Plugged into Silicon Valley technology and funding, these education entrepreneurs are on a fast track to bring their innovations to more students and teachers.
For teenage girls, learning to code can lead to new skills and confidence. Its also an entry into the world of technology, according to the founders of Vidcode, a startup whose online software teaches young women how to edit video by changing the computer code itself.
Vidcode is one of eight education tech startups selected out of 200 global applicants to participate in the first Intel Education Accelerator program.
These companies are diverse but share a common goal: Use digital technologies to engage students and build the skills they need to be successful.
This is a brand new program open to K-12 and higher-ed startups, said John Galvin, vice president and the general manager of the Intel Education team.
Intel Capital is investing up to $100,000.
This is a way to move education-technology industries forward, faster said Galvin. It helps these entrepreneurs bring their ideas to students who can benefit from these new technologies.
Based in Redwood City, CA., the accelerator is a four-month program, where these eight early-stage startups learn through workshops and mentorship from educators, technology and industry leaders, said Galvin.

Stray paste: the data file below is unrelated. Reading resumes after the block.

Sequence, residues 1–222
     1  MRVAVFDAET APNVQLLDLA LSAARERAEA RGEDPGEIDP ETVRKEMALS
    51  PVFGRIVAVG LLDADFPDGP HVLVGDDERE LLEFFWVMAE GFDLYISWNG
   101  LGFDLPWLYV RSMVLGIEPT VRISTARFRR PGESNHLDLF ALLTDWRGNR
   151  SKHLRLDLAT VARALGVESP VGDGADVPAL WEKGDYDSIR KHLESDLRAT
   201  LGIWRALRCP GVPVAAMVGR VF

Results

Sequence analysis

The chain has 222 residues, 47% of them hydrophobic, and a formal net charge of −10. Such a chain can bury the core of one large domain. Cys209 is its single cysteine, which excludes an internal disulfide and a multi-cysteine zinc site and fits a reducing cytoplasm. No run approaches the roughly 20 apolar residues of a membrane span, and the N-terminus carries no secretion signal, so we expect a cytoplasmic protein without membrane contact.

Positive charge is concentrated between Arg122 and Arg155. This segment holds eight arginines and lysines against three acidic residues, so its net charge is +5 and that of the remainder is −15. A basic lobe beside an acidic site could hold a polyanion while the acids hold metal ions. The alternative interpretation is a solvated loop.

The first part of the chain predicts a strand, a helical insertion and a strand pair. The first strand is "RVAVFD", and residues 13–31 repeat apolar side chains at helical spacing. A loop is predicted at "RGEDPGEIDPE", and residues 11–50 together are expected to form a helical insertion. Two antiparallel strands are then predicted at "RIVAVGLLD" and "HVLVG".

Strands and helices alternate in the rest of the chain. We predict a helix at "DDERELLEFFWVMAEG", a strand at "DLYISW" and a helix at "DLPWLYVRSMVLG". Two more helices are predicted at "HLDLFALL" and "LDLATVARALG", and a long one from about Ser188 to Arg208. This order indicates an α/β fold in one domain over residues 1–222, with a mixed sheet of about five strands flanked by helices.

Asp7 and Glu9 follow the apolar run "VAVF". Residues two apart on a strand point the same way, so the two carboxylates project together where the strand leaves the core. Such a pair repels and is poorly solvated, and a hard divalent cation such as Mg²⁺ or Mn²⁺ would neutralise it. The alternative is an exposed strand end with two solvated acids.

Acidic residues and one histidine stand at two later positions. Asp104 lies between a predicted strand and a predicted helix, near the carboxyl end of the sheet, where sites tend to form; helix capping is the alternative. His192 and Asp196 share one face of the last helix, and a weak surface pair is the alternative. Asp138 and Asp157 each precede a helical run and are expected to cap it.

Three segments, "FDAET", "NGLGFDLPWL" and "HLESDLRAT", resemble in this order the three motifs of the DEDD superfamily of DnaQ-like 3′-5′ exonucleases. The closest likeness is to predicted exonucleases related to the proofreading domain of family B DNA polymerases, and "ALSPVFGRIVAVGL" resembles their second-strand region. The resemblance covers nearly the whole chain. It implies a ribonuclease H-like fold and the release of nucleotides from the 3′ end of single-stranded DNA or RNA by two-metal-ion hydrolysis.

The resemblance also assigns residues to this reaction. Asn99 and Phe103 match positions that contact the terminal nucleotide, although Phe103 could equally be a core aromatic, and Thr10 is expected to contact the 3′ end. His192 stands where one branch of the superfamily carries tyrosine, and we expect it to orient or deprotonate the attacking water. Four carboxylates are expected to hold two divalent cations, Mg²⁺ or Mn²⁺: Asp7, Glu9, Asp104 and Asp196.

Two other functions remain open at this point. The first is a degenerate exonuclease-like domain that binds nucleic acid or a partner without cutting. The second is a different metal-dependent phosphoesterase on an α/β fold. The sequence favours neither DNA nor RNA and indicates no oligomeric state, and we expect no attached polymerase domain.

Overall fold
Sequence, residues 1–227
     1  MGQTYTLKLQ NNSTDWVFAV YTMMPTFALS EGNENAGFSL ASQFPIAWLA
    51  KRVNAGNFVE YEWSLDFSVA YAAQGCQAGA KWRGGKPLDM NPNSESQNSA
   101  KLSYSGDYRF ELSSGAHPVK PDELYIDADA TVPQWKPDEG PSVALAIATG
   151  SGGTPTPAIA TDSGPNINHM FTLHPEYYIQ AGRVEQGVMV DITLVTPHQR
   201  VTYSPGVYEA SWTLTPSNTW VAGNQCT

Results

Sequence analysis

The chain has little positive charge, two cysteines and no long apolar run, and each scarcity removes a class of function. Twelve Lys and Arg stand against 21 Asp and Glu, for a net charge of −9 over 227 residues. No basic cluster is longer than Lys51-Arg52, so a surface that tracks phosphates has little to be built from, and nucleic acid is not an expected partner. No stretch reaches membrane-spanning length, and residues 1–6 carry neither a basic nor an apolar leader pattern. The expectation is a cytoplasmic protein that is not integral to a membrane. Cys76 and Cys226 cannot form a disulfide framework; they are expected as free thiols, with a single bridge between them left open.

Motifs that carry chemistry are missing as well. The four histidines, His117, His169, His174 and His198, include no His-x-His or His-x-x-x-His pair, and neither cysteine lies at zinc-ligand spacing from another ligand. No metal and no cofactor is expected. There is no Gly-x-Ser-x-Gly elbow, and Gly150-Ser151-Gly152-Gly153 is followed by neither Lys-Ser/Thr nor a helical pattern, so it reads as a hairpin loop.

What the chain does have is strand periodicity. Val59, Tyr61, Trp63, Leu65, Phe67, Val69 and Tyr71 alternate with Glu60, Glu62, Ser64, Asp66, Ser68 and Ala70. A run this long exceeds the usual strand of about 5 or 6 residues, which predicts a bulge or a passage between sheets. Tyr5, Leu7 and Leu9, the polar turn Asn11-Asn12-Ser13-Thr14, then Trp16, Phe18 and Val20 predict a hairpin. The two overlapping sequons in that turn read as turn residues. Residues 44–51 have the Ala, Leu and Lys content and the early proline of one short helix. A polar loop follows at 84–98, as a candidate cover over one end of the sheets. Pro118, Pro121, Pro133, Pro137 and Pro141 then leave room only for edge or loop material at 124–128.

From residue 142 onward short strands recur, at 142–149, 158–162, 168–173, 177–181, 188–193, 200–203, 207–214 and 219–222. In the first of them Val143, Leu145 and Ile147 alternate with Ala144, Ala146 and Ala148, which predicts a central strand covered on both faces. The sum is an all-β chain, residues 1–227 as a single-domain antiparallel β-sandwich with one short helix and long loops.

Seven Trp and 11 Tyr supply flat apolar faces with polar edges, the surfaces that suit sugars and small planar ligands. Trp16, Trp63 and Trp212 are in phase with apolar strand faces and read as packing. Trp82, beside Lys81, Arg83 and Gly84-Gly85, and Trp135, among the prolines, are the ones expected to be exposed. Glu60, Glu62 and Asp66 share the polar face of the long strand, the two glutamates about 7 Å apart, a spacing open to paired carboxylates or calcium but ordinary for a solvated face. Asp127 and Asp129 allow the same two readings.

On December 2, each founder will deliver a five-minute pitch to venture capitalists and potential partners.
Heres a look at the eight education tech startups and the people behind them.
Computer Coding for Anyone
Instead of encouraging young women to embrace the existing electronics culture, which can be full of stigmas and stereotypes, Vidcode founders Mellissa Halfon and Alexandra Diracles are changing how young people perceive coding in the first place.
We have built a software that relates to teenagers hobbies, said Diracles. These are key components to developing a long term passion for science, technology, engineering and math (STEM).
Men by far outnumber women working in the STEM fields. Diracles said that today only .8 percent of girls go on to study computer science in college, and this needs to change.
Back in 2004, Halfon was studying Computer Science at the University of Michigan, where she was one of only a few women in a sea of male students.
World of Sound for Students
ToneTree is another startup in the Intel Education Accelerator that creates “Birch,” an unassuming pocket-sized device that turns any flat surface into a musical instrument.
A desk can become a piano, and a bench can turn into a drum kit.
Founded by musicians, Birch gives people the ability to carry a world of sound in device that fits in a pocket. This low-cost technology can be used in place of larger, more expensive instruments.
On average, a music student will spend $600 on an instrument, said Max Escaler, ToneTrees CMO.
We are lowering that barrier not just for students, but for everyone.
By turning any surface into a musical instrument, Escaler said Birch gives teachers a new perspective on audiovisual learning. It allows students to hear music, but also see and feel it.